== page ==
Oconee County Schools released its tentative budget for Fiscal Year 2024 on Monday, showing revenue of $103.9 million, up from $91.9 million in the current fiscal year, and expenditures of $106.0 million, up from $90.2 a year ago.
The revenue projection is based on growth in the tax digest of 7.3 percent and an unchanged millage rate of 15.5 mills.
The tax digest grew by 15.4 percent last year, and 5.6 percent the year before that.
The budget includes funding for 24 new positions ($2.3 million), a 5 percent salary increase for all employees ($3.7 million), new staffing for Dove Creek Middle School ($1.8 million), and salaries for the deputies at the entrances to the schools ($169,000).
The Board will take final action on the budget at its meeting on June 5, but the millage rate will not be set until later, likely at its Aug. 7 meeting, after release by the Oconee County Tax Commissioner of the Tax Digest, or the value of property in the county.
If the tax digest increases as a result of inflation, rather than growth from changed use of property, the 15.5 mill rate will result in what the state labels a tax increase, necessitating hearings on that increase before the rate is set by the Board.
Also at the meeting on Monday, the Board received a recommendation from Associate Superintendent Dallas LeDuff that the Board approve on Monday a new policy exempting employees from out of the county from paying tuition if their students attend Oconee County Schools.
LeDuff also recommended approval of an agreement with the County that would increase over the next three years the fees Oconee County Schools charges the Oconee County Parks and Recreation Department for use of school sports facilities.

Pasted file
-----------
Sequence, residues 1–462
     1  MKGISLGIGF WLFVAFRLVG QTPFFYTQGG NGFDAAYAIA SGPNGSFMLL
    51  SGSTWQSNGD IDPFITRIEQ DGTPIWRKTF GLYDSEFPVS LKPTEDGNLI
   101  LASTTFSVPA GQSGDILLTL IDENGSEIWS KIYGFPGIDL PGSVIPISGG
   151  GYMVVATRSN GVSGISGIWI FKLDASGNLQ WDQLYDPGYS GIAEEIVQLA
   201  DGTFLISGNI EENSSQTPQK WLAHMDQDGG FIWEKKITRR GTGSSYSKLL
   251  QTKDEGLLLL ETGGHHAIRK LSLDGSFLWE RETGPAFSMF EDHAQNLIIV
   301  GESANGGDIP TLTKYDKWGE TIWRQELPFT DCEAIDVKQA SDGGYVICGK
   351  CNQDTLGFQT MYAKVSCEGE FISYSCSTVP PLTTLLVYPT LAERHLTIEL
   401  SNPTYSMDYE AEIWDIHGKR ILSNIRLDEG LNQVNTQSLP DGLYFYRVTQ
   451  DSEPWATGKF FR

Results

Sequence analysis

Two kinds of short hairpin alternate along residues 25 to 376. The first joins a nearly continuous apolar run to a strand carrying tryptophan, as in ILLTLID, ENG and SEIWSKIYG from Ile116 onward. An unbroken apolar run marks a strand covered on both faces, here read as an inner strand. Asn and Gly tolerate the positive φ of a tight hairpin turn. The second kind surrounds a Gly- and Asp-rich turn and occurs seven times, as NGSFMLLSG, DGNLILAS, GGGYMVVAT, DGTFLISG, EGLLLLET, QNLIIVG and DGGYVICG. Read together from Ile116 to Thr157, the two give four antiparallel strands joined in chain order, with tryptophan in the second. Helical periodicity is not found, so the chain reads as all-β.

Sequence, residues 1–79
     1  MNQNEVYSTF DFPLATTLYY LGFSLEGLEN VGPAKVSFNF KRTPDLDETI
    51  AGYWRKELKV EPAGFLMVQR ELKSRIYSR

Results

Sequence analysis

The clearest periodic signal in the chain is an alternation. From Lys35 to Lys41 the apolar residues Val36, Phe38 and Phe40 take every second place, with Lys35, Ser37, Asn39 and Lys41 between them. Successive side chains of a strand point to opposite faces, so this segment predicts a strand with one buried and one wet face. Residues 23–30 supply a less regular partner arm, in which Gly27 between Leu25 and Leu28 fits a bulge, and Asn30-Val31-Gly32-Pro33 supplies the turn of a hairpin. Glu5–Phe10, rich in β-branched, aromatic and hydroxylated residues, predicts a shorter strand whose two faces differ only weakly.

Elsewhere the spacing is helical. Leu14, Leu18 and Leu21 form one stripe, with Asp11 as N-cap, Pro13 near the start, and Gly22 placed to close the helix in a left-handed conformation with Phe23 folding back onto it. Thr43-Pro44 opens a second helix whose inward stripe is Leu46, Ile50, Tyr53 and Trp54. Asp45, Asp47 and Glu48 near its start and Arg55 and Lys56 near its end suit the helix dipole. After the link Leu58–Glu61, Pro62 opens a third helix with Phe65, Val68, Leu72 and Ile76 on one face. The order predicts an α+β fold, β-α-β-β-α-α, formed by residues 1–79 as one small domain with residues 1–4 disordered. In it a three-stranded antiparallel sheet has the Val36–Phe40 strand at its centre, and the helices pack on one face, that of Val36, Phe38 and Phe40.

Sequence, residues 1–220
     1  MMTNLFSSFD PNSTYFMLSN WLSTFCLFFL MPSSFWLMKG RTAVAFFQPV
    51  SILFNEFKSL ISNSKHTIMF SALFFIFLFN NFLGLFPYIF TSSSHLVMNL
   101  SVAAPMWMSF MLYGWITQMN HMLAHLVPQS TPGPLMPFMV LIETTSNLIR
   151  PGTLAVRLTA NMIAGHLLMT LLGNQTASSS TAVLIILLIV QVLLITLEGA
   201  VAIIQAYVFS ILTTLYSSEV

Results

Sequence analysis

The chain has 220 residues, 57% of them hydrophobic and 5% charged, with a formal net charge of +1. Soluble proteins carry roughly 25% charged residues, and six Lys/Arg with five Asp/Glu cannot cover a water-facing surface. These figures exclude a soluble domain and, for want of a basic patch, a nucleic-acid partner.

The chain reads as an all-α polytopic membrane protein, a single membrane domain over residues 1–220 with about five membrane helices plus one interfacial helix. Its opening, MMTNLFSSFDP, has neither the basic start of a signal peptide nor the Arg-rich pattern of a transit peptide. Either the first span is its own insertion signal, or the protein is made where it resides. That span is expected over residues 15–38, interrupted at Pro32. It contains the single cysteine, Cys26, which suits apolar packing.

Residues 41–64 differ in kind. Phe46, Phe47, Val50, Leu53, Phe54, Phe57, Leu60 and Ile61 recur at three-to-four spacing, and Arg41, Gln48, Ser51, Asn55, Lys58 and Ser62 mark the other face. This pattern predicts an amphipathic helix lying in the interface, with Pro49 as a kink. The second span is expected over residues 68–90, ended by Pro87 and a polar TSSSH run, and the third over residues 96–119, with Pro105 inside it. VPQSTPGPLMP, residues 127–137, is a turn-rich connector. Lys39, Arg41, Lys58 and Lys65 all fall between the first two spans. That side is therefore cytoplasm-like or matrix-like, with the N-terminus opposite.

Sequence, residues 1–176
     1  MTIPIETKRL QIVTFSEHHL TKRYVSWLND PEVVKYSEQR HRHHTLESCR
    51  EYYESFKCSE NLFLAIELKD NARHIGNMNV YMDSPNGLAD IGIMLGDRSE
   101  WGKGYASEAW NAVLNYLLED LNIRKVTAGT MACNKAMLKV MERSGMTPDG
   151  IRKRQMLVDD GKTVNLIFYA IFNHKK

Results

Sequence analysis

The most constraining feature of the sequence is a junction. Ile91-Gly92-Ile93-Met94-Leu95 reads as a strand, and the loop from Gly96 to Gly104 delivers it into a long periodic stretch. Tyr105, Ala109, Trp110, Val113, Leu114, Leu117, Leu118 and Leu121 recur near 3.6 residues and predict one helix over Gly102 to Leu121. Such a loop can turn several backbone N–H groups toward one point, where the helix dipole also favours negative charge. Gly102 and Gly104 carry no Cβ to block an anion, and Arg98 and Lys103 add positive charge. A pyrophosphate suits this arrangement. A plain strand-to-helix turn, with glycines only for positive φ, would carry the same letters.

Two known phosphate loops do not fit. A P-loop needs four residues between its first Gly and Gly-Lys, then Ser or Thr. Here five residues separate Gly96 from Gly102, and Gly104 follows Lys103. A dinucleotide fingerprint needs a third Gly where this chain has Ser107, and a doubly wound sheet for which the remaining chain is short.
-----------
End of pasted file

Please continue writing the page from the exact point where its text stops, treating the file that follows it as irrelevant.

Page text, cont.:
Board reaction to the budget focused on the state requirement that the county contribute 5 mills of the final millage rate to funding what is called the QBE Formula, for Quality Basic Education, and on the fee the county charges for collection of school taxes.
|Screen Shot Hammock (Left)|
Questioning Harlow, Not Visible In School Video Recording
(Official Picture Inserted)
In the tentative budget, the state allocation for QBE is $66.3 million, but the county has to contribute what is termed its Local Fair Share, which amounts to $12.8 million.
So the actual state QBE funding is $53.6 million.
Board Chair Kim Argo argued that the county was being forced to fund poorer school systems in the state, and Board Member Ryan Hammock said that the policy penalized counties with high property values.
The revenue projected from Property and Ad Valorem Taxes in the tentative budget is $45.9 million, but the county subtracts 2.5 percent ($1.1 million) from that for a Collection Cost.
Board Member Tim Burgess argued that the amount is excessive, given the amount of money the county spends on the Tax Commissioner Office, which collects the tax.
The Tax Commissioner is dependent on the Tax Assessor Office for determination of the Tax Digest.
LeDuff told the Board “we have collaborated with Parks and Rec to draft a new agreement,” referring to the Oconee County Parks and Recreation Department.
The agreement was the one he had presented to the Board of Education at its retreat in January increasing the fee Oconee County Schools charges the county for use of its facilities from its current 60 percent of its set nonprofit fee to 100 percent in three years.